Uni SA leaves lectures on-line for all of 2020
But on-campus tutorials start on June 15, with “appropriate” protocols in place. Studios and pracs not now on campus also return then. Exams for study periods two and three will be on-line, with an extra hour to complete. (No such luck for always on-line students).
Be assured, says Claire Field, ASQA still has sanctions
by CLAIRE FIELD
Self-assurance does not mean “no assurance”
Regular CMM readers will know I have a surprisingly positive view of the ASQA Rapid Review (CMM May 6)
However, I have started to hear concerns that the Review’s focus on “RTO self-assurance”, as well as on ASQA taking an educative approach, will lead to quality problems.
To my mind, that is a misunderstanding of the Review’s recommendations.
* self-assurance does not mean “no assurance” by ASQA – instead it means a regulatory approach which tests how well providers self-monitor and manage their operations, and
* an educative approach does not mean ASQA will not impose regulatory sanctions.
As the architect of the Australian VET system, Terry Moran, stated in his 2018 Capability Review of TAFE SA, “more emphasis and resources should be applied to developing professional educators in capable training organisations within a strategically-led national system. It is therefore imperative that the VET system moves quickly towards a new style of regulation, directed towards the professional capability of RTOs, rather than a deadening attempt to micro-manage delivery in a highly prescriptive manner.”
TEQSA’s regulatory approach and that of the New Zealand tertiary education regulator (the NZQA) were examined in the Rapid Review. Both regulators are more transparent than ASQA and both also operate regulatory systems which reward providers which have strong internal systems and organisational capability – and take action against weaker providers.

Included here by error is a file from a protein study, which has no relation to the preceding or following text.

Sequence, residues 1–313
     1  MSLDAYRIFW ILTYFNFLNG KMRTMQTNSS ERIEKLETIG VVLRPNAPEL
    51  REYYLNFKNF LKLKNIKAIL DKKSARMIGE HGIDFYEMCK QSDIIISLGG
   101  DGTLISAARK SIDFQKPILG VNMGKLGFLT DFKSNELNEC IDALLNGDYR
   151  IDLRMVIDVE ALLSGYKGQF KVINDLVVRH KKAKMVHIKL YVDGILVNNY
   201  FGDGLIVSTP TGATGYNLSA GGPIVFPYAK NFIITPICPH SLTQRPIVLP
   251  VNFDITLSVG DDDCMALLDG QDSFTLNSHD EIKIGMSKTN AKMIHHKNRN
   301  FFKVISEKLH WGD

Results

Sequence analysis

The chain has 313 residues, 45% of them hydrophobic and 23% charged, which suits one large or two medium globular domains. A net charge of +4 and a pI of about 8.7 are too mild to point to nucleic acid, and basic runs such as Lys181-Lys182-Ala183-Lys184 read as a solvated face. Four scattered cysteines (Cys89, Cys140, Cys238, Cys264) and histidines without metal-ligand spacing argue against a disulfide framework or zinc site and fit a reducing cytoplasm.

The recommendations of the Rapid Review will enable ASQA to do the same.
With respect to this new approach the Reviewers noted, “while this supports a more proportionate response (and encourages self-reflection and return to compliance by the majority of genuine and willing providers) ASQA still needs to retain its capacity to take significant and immediate action in the event that providers are not genuine or otherwise represent a significant risk to the achievement of VET outcomes.”
Claire Field advises on VET, international education and private higher education
Annabelle Bennett has a second term as Bond U chancellor
Keeping cyber-campus safe
The Commonwealth’s eSafety Commissioner creates a new on-line safety resource for universities and their students
With just about all 1.4m students learning on-line during the present pandemic it’s well timed to meet an immediate need. The agency reports a 200 per cent year on year increase in complaints of image-based abuse in March-April, just as study started.
The new Toolkit for Universities is a collaboration with Universities Australia and includes resources for staff and students, including dealing with cyber abuse and using videoconferencing. There is also a range of governance resources for university managers and academics on cyber-safe policies and practises.
The kit is released this morning, here.